Tuesday, November 6, 2018

The Self-Publishing Apocalypse

No. There’s nothing wrong with self-publishing. It’s not in the dumps. As a matter of fact, it has all the hallmarks of Wal-Mart status, in that it has gained tremendous ground and influence, and could really end up in a major takeover. Sadly, to the detriment of the Big 5, small press, paperback book distributors/sellers, agents, market share has ballooned for the self-published author. They certainly seem to be out-selling small trade published authors like me, hands down. I can randomly click on the Amazon Kindle book page and check out any self-published author—Chances are they’ve slaughtered my sales. And you know what? I’m a hybrid author, too. Good for them. Why has this happened, baring special circumstances via the elite scribblers?

Indie authors can call the shots on any price change, free giveaway events or contests. Trade publishers are in control of that function, limiting themselves to such functions and their wares are typically priced a little higher  than the SPers. Adaptability is the key word here.

The SP authors can change their bios, synopsis and book cover art at will. They are the publisher—they call all the shots. They can adjust to changes instantly, to swing with any present or upcoming trend.  

Their crowd is dynamically huge—the Kindle Boards is just one example of their stunning population growth. These people support each other, buying each other’s works, whether they are collections, novels, novellas or shorts. The market share has made a dramatic shift in their favor. Once having bought trade books in the past, the SPers have opted for their own like. They are as loyal to each other as a tornado is to a trailer park. You can’t blame them. This stems from, I’m certain of, righteous indignation—they are pissed off at the publishing and agent contingent who repeatedly slammed the door in their faces. Not all of them mind you—we have best-selling and celebrity authors who jumped ship completely, and those other writers who dove into self-publishing from the get go.  

The incredible speed by which self-publishing makes it possible to churn out massive content, i.e, lots of books and stories, also keeps their name brand flagged and up front in the literary world.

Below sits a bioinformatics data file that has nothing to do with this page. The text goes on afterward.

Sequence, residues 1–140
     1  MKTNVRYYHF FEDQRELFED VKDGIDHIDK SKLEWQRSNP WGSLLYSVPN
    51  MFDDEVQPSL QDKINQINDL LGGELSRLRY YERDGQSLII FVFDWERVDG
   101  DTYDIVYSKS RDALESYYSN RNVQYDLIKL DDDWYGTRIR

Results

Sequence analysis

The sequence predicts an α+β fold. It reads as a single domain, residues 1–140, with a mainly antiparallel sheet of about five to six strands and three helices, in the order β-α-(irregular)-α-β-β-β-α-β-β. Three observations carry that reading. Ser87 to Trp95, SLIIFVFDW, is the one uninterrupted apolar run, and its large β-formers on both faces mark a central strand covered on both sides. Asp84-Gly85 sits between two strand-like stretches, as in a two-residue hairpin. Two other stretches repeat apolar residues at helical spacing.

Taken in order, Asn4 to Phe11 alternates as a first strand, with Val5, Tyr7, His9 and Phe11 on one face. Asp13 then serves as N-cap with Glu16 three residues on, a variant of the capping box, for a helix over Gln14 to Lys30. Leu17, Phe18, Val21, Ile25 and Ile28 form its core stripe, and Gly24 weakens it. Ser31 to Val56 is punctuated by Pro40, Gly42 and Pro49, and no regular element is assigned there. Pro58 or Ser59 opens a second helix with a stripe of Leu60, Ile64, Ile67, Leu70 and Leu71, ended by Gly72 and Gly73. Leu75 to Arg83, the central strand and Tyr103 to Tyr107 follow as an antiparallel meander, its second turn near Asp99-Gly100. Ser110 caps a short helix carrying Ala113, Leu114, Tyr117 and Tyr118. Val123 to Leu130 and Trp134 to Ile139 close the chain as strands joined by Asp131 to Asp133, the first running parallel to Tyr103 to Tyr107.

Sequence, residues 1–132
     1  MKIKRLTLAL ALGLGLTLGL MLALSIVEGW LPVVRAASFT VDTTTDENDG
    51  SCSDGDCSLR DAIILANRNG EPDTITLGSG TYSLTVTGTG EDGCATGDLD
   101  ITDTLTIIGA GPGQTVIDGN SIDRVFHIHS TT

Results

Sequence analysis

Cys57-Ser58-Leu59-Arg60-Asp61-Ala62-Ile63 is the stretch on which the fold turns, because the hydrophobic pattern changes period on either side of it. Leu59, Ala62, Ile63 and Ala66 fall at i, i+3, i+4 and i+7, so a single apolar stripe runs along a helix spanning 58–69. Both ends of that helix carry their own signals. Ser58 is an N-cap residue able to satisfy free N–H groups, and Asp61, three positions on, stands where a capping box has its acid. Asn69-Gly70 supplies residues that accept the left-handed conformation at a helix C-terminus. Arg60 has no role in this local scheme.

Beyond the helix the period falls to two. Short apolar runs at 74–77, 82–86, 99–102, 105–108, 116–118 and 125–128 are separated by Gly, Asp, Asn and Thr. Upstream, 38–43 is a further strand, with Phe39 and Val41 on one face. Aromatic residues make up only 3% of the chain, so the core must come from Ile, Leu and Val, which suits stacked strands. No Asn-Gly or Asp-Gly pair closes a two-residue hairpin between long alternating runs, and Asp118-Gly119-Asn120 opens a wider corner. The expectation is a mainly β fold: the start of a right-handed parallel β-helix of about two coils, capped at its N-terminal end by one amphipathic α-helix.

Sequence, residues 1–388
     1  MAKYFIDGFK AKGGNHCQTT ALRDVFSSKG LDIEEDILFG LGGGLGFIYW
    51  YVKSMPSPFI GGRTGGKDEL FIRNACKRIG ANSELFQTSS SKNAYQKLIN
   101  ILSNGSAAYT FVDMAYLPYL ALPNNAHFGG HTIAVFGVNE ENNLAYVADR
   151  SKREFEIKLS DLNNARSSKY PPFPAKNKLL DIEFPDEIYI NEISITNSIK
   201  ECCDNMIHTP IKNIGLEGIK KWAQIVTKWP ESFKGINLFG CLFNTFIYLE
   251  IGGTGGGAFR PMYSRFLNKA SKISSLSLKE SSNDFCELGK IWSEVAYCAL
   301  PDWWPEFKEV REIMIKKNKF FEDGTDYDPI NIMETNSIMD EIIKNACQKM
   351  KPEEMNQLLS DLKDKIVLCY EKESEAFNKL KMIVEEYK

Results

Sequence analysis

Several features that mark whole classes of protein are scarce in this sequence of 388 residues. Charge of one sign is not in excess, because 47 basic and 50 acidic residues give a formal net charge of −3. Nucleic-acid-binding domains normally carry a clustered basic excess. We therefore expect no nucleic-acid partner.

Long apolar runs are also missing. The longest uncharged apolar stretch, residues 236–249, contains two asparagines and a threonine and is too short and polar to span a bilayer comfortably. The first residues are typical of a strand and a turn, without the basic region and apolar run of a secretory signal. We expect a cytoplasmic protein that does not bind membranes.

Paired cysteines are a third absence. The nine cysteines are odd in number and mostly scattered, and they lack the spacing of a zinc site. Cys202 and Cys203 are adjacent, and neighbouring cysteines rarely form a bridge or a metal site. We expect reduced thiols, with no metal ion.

They show no difference in their book info and stats on Amazon pages. They are not distinguishable from trade publishing pages, except for the publisher identity. But in many cases, they have their own publishing company logos. I know I do!

They are not subject to time constraints with editing. They can edit at will or hire out for services. They can swap editing with their fellows. Three or four of these swaps can clean a book up rather nicely.

They have their own Indie awards. They get news media hits and lots of attention. That means NYT and USA Today ink. Playing field—leveled. 

They hit best seller status on all and any retail outlets just like the big boys.

Man, I could go on and on…but we haven’t enough eye time for that. Am I jealous? You damn betcha. I paid my dues; I got vetted, laughed at, ignored, rejected and trodden upon, for what I thought was the initiation into the big trade world. Funny, after 27 years it’s still happening to me. So maybe the indie people knew something all along.

I just have a few problems with giving self-publishing an A+. Borders took a dive, as did many small independent book stores upon the e-book revolution. Indies who frequented book stores, quit and bought online, added to the number of readers who also discovered reading from the screen. To be honest, and I don’t know how long it will take, I think agents and publishers of the old school will vanish to browner pastures. Who will need ‘em? Hey, you don’t have to edit that well or follow paperback format. Clipart takes the place of painted book covers and photo conversion. You can write a novel in two weeks and post it on Amazon.

Who are you blaming, Chris? Sounds like you want somebody on the chopping block. I BLAME YOU, AMAZON, YOU GREEDY SONS-O-BITCHES. Hey, let’s publish the world and dilute the market stream so nobody can be discovered and make any money. All we’ll have left is printers. Today a parent can print up a book that their dog has left his painted paw prints in. Ad some clipart pictures and, damn! We have a children’s book! 

But underneath it all, I wish that I had got on board with the O-Niners. They hitched a ride on a star. That star didn’t burn out.